2 The Act of Killing
The Act of Killing is an unsettling journey of men who are killed without remorse or justice. The documentary talked about the murders carried out by small-time gangsters who helped the army kill more than a million communists. The murders now occupy high positions in parliamentary organizations and were never punished.
The Indonesian mass killings that happened around 1965-66 were a communist purge with civil unrest and large-scale killing that was supported by Western countries including the US. More than one million people were killed. The film focus on the perpetrators of this genocide. The film won the European Film Award for Best Documentary in 2013.
The documentary was ranked 19th in the list of best documentaries ever made. The Indonesian government responded negatively. After the screening, the US government was forced to acknowledge its part in the killings. A companion piece, The Look of Silence, was later released in 2014. The perpetrators open up about the killing in front of the camera.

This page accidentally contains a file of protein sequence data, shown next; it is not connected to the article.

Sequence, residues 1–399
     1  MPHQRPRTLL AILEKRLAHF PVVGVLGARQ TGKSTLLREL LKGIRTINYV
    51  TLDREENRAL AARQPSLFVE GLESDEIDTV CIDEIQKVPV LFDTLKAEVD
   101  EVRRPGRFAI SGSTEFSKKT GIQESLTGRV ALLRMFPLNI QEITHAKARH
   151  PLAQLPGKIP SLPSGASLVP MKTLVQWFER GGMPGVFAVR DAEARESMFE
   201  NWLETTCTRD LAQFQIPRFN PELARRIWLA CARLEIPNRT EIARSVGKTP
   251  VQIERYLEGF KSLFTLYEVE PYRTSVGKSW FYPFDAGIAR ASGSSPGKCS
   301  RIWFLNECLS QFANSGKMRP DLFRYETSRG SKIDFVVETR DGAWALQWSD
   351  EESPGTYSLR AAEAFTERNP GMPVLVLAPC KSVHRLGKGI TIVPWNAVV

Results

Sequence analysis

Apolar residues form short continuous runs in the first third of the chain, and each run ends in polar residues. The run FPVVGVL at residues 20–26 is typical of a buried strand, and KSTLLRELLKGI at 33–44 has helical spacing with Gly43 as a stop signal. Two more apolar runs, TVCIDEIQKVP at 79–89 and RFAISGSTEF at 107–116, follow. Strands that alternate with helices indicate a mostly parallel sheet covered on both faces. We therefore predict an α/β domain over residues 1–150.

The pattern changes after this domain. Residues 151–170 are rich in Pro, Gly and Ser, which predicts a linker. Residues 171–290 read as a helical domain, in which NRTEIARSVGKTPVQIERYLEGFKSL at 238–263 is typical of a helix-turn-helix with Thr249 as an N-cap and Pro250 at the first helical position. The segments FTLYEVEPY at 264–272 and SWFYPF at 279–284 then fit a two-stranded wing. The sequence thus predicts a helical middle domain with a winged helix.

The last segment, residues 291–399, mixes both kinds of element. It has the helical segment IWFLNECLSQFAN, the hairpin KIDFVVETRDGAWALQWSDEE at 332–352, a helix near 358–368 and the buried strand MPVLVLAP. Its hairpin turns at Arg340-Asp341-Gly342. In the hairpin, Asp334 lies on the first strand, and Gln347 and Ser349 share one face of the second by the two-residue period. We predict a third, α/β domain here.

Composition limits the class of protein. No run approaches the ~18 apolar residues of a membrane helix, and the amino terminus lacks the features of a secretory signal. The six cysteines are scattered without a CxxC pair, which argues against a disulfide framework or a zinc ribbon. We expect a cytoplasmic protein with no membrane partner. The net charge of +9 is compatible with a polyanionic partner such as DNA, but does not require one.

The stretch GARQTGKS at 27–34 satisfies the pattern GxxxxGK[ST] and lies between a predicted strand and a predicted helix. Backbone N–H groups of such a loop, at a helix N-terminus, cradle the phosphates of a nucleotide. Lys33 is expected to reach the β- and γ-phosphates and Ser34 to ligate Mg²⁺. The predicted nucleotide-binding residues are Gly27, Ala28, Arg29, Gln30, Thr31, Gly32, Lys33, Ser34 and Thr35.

They had to extort money from marginal communities so that they can keep their own lives. Today, they are supported by the right-wing and given positions in government where they are openly involved in corruption, clearing people from the land, and election-rigging. (1, 2)
3 Finders Keepers
Finders Keepers talks about two people fighting over an amputated, mummified leg. John Wood gets his leg amputated after a plane crash, and the hospital gives him his whole leg back when he asked to keep it. When he sold the storage shed he owned, the new owner finds the leg and gets obsessed with achieving fame through it as the “The Foot Man.”